Andrew and Silas Chandler Remained Life Long Friends

The vast majority of black Confederate accounts on the Internet follow a well-worn narrative.  First, we are somehow to believe that servants/slaves volunteered to accompany their owners to war and […]

Choosing To Become a Slave

Every once in a while you will read about free blacks petitioning local or state government to become a slave.  In the wrong hands such accounts reflect a lingering Lost […]

Did the South Win the Civil War?

This is a question that Howard N. Meyer posed in the November 1961 issue of Negro Digest.  It’s a thought-provoking essay that anticipates a burgeoning black counter-memory that emerged in […]

Then And Now In Stone Mountain, Georgia

It’s an unusual form of Civil War remembrance, but the idea of a sculpture in the shape of a “Sherman’s necktie” opens up a number of avenues of interpretation.  It […]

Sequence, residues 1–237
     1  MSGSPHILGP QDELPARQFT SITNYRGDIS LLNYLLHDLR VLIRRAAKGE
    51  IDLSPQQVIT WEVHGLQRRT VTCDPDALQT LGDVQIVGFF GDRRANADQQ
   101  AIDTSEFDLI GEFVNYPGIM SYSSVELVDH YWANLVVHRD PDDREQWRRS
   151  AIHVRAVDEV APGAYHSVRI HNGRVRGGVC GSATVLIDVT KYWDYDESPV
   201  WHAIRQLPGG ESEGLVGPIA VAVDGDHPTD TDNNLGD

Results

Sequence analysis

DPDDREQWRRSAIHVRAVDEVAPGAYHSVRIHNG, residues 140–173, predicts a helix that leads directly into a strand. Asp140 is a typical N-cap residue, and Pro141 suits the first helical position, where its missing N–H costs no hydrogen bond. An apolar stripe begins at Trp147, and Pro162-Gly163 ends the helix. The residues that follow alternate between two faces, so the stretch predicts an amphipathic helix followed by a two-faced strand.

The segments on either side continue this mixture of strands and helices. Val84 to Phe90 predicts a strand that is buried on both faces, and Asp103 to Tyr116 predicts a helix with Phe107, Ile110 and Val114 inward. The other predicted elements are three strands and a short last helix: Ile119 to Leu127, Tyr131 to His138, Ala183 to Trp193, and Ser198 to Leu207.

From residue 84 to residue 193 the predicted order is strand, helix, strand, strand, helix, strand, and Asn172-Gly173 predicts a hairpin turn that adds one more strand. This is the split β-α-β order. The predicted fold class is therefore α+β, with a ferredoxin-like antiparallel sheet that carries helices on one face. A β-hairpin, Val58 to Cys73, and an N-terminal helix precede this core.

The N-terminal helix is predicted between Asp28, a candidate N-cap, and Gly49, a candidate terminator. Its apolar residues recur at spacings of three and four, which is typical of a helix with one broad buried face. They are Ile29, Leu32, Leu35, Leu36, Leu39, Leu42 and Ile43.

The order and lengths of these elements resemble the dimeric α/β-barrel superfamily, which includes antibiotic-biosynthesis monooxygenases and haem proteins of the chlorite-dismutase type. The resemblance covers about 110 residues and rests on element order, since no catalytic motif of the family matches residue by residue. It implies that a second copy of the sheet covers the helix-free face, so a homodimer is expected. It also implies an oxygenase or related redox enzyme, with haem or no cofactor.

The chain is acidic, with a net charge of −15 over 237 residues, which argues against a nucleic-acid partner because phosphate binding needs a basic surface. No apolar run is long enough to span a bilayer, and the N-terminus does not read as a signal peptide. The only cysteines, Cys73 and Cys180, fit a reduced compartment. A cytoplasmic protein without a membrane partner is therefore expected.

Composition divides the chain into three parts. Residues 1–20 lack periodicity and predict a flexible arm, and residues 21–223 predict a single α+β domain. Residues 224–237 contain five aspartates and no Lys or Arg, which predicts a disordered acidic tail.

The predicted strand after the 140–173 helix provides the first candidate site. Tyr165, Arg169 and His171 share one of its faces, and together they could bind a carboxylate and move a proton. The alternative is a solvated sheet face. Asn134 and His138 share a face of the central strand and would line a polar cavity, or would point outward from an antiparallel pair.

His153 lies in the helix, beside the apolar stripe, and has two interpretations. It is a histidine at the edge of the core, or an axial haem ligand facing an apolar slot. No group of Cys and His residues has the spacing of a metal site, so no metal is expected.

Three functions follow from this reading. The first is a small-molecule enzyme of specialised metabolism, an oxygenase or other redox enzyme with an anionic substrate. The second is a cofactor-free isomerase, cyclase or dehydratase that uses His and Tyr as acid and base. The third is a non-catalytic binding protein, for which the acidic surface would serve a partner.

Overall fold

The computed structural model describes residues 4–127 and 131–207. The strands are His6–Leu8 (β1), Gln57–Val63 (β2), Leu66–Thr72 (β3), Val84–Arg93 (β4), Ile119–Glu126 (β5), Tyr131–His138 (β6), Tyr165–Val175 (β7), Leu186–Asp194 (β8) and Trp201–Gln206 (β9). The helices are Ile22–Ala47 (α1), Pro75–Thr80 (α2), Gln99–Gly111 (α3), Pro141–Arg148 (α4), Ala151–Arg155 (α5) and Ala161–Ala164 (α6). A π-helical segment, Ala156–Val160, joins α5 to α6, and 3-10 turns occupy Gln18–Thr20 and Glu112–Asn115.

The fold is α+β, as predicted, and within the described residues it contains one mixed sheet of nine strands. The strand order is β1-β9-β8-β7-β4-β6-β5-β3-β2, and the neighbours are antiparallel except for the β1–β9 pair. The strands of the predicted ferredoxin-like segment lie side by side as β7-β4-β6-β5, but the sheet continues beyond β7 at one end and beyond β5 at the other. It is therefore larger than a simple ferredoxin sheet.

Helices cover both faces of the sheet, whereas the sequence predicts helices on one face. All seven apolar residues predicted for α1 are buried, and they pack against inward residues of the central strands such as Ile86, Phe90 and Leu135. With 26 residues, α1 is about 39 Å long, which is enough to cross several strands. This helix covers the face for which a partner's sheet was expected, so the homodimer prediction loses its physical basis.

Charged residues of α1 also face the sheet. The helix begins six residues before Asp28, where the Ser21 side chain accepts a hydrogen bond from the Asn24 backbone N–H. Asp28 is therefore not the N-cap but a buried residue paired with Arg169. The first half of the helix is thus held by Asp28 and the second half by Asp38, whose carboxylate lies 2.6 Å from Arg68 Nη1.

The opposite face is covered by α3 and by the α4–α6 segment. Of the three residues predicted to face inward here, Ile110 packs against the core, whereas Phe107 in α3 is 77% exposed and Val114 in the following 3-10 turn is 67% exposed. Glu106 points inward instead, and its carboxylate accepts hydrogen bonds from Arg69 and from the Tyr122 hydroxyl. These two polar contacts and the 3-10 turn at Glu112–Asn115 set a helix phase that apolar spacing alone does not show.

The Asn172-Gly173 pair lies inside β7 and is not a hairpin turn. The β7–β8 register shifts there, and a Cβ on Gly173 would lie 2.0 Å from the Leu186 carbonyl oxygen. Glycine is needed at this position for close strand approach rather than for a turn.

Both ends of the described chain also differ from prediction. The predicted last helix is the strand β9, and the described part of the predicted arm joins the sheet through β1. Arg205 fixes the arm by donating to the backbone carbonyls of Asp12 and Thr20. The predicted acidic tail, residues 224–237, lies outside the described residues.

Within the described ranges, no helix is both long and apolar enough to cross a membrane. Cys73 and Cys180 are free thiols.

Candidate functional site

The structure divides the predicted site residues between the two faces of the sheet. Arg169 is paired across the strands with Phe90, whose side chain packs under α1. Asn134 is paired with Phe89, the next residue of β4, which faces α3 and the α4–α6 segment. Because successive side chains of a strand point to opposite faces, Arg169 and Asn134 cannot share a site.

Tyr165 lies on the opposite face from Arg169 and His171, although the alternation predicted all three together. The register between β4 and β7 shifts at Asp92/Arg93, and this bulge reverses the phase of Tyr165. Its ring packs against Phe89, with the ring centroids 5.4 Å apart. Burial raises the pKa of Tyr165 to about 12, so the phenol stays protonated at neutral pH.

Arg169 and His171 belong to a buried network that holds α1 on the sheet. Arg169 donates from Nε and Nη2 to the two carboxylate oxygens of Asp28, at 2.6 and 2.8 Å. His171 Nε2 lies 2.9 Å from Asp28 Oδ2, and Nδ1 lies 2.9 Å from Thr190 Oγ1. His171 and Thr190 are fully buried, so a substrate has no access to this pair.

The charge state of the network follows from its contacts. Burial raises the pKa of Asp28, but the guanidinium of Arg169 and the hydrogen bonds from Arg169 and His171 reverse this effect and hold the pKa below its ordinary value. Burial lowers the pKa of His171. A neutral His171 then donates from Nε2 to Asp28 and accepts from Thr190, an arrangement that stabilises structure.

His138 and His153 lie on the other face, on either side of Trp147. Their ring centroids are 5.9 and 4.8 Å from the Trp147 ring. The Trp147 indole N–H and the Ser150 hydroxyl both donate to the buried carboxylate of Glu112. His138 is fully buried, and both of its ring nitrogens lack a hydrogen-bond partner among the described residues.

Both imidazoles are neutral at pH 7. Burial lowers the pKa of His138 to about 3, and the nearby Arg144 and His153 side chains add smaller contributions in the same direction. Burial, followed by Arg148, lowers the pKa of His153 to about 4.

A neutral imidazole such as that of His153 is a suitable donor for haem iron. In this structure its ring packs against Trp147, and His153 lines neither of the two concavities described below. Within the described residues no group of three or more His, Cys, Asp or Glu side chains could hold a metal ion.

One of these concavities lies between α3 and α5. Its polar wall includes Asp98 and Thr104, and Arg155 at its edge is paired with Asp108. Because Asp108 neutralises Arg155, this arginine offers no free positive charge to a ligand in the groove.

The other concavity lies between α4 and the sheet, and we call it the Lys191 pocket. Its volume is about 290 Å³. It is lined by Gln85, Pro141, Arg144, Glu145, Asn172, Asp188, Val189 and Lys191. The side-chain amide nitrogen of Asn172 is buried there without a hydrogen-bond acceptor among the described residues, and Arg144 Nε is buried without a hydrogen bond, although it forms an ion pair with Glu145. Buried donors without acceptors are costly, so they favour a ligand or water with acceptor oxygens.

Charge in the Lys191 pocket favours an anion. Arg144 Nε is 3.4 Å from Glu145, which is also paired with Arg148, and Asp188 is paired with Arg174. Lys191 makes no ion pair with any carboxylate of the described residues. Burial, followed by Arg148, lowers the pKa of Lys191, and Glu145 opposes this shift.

The Duty of the South to Negro Education

Today was one of the most productive writing days that I’ve had in quite some time.  It marks the first day of actual writing of what I’ve tentatively titled, Searching […]

Manassas: The Missing Robinson House

This guest post is by Adam Arenson, assistant professor of history at the University of Texas at El Paso and author of The Great Heart of the Republic: St. Louis […]